The latest articles from Radio Rookies Podcast
Temitayo and Gemma spoke with nearly three dozen high school students who smoke weed to learn more about what they call "the Mary Jane mindset".

When people think about teen parents, they usually picture a young mom. But what about the dads?

Cece Rodriguez may be tiny at 5 ’4”, 100 lbs, but she’s physically strong. Despite her family’s concerns, she dreams of testing her toughness by enlisting in the U.S. Marines.

Nearly 100,000 Americans suffer from a disorder called Sickle Cell Anemia. Radio Rookie Bree Person hates talking about Sickle cells – but she put together this report nevertheless.

At 17-years-old Tangeneka Taylor moved to the U.S from Guyana with her dad and sister. Along with having to adjust to a new country, she’s had to adjust to life without her mom.

Fresh grass. Freedom. Success. That was the sensation Edward Munoz experienced every time he walked onto a soccer field. But in school, he felt like he wasn’t meant to be there.

In New York City the high school graduation rate for black males was 28 percent in 2010. Radio Rookie Mike Brown is a young black man living in Harlem and being raised by a single mom.

In some ways, being feminine made life harder for Dakota than his sexuality.

When 18-year-old Radio Rookie Mari Santos recognized that her older sister Alison was in abusive relationship, the hardest part was figuring out how to talk to her about it.

Destiny Mabry had a lot in common with her older sister: a love of dance, a bright smile, and excellent jump rope skills. They also both had experience with abusive relationships.

Rainy wanted to understand why she stayed with an older boyfriend who humiliated and physically abused her. So she spent two years reporting from inside the relationship.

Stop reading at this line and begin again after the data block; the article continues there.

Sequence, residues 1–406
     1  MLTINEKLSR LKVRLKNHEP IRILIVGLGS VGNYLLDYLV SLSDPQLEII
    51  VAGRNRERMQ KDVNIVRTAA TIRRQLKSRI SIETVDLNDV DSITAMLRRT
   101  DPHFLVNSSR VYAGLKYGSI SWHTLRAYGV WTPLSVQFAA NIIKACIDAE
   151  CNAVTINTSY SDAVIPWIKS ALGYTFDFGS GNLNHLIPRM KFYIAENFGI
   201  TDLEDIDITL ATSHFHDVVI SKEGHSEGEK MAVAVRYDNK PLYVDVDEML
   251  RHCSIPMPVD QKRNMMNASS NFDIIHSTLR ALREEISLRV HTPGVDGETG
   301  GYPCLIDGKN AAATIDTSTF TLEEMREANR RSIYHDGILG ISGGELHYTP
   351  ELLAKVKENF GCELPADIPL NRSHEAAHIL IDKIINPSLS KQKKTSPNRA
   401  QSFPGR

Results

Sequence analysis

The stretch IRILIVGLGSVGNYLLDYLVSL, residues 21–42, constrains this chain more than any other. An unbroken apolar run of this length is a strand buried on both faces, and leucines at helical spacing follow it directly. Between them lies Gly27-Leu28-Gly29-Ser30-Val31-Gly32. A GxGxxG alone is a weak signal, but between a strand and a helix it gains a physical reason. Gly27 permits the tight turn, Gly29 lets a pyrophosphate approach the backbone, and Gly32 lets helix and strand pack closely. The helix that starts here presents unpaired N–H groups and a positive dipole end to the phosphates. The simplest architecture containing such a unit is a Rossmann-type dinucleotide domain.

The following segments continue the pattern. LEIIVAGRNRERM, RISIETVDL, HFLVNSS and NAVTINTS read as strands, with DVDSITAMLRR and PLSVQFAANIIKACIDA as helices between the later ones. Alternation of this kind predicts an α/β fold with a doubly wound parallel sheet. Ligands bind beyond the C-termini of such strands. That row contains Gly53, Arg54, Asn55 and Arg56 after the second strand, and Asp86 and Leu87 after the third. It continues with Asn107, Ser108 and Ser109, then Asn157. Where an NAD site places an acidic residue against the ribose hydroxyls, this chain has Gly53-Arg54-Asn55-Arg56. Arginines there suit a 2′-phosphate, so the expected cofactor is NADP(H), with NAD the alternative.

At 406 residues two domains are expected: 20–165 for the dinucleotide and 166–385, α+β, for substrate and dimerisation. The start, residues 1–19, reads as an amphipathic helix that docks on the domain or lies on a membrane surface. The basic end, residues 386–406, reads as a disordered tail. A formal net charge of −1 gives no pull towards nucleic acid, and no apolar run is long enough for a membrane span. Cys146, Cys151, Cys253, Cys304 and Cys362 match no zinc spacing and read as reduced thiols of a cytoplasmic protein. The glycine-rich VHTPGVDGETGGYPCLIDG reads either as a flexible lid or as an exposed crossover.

Many teenagers live half their lives on social media sites, and they're writing the rules as they go. One online trend Radio Rookie Temitayo Fagbenle finds disturbing is "slut-shaming" 

Jairo Gomez's nine-person family lives in a one-bedroom apartment. He knows education is the way out of poverty, but sometimes being poor makes it difficult to make good choices.

Aired December, 2012. Danielle was 13 when she left her home and her mother in the Congo.  She came to New York to pursue the American dream, but she wound up living in a homeless shelter. 

Aired October, 2010. Radio Rookie Helen Peng lives in Flushing, Queens and calls herself an ABC, or American-born Chinese. But a lot of FOBs, or Fresh-off-the-boat Chinese people, also live in her neighborhood. Helen identifies with both the ABC and the FOB cultures and struggles with how to identify herself.

Aired October, 2010. Radio Rookie Andrea Lee's parents came here from the Philippines in the 1990s. She is not sure she agrees with at least one decision her parents made - not teaching her their language.

Aired September, 2010. Although 40% of all game players are female, players of hardcore games like Grand Theft Auto are mostly male. That means the games are designed with boys and men in mind. Rookie Reporter Jessica Cernadas finds that very frustrating.

Aired September, 2010. Rookie Reporter Melissa Best has always dreamed of becoming a US diplomat — living abroad and helping people; but then she found out how much work it is to become one. Melissa wonders if she can really live up to her high–achiever persona.

Aired June, 2010. Radio Rookie Hawa Lee reports on the sometimes spooky connection between vampires and teenagers.